February 22, 2005
On Some Planets, Lobbyists Don't Influence Votes
But this is Earth. Early in my (interrupted, uncompleted) 2002 run for the state legislature I was knocking on doors and meeting people in my neighborhood. One door was answered by a lobbyist for the road construction industry. We had a great conversation about the General Assembly that included his anecdotes about how difficult he and his colleagues could make life for legislators who did not follow his trade group's "bidding," so to speak. Our conversation was polite, but there was an underlying near-threat implied by these stories, and by his last words: "I'll sign your petition, but be certain that if you do get elected to Nashville, I'll be knocking on your door the day you arrive." I somehow don't think he meant it would be to talk about tennis.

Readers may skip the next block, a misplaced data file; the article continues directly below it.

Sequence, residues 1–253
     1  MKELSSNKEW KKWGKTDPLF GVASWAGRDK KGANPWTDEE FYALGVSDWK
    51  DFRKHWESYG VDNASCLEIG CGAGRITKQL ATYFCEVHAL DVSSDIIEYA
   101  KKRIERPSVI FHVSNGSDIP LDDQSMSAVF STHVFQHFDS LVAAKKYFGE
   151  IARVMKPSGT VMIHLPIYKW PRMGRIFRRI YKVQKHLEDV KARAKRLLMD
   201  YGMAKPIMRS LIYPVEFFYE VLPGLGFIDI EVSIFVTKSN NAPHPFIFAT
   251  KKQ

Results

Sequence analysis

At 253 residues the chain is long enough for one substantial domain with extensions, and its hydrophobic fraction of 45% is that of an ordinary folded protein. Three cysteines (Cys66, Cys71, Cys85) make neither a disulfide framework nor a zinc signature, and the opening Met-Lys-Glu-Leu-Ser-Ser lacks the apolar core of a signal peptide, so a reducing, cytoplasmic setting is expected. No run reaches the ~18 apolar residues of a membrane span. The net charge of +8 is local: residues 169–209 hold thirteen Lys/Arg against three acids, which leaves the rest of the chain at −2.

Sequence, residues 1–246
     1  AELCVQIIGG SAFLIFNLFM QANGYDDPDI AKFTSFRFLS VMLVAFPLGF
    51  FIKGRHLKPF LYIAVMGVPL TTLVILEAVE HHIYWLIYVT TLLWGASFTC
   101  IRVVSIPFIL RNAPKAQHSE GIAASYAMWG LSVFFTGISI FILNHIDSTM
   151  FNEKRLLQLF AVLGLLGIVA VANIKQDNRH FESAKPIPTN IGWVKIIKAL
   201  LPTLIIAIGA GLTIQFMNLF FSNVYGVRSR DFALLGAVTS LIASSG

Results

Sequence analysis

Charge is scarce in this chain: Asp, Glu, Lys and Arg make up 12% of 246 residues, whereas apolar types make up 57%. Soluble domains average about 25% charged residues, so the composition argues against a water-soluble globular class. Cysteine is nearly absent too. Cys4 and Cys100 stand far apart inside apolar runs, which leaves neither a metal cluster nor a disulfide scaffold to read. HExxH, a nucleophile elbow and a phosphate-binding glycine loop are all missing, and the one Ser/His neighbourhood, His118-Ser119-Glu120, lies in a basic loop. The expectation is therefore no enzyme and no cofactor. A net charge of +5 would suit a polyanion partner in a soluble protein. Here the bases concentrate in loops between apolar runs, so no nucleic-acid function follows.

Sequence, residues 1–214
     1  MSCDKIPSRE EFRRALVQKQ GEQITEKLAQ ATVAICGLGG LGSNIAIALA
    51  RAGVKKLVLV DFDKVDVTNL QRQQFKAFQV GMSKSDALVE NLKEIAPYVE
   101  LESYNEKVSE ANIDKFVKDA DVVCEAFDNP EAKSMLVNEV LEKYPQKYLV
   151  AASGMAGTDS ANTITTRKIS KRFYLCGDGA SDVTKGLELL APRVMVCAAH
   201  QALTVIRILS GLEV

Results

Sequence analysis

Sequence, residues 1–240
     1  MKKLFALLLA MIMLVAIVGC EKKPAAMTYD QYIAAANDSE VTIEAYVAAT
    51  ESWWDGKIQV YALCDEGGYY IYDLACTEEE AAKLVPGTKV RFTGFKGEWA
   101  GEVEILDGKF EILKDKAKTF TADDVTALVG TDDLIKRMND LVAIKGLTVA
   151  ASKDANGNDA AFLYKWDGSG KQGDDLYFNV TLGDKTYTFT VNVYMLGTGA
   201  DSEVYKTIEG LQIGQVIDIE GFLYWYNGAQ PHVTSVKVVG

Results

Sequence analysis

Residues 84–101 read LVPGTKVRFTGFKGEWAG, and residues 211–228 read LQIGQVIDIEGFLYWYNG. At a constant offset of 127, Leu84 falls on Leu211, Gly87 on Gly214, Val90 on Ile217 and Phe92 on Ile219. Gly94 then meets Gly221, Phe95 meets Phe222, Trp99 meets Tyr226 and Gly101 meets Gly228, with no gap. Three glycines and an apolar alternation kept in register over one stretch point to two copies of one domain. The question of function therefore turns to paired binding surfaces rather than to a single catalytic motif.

I also got this general impression about lobbyists (that they can be one's best friends or worst enemies, depending on one's response to their advances) once when discussing legislative life with Representative Tommie Brown (D-28).
Perhaps State Senator Ward Crutchfield's (D-10) experience has been different; without having been there, I cannot but give him the benefit of the doubt. His (with Representative Tré Hargett's) just seems to counter all other accounts.
Government | By joe lance | 10:37 AM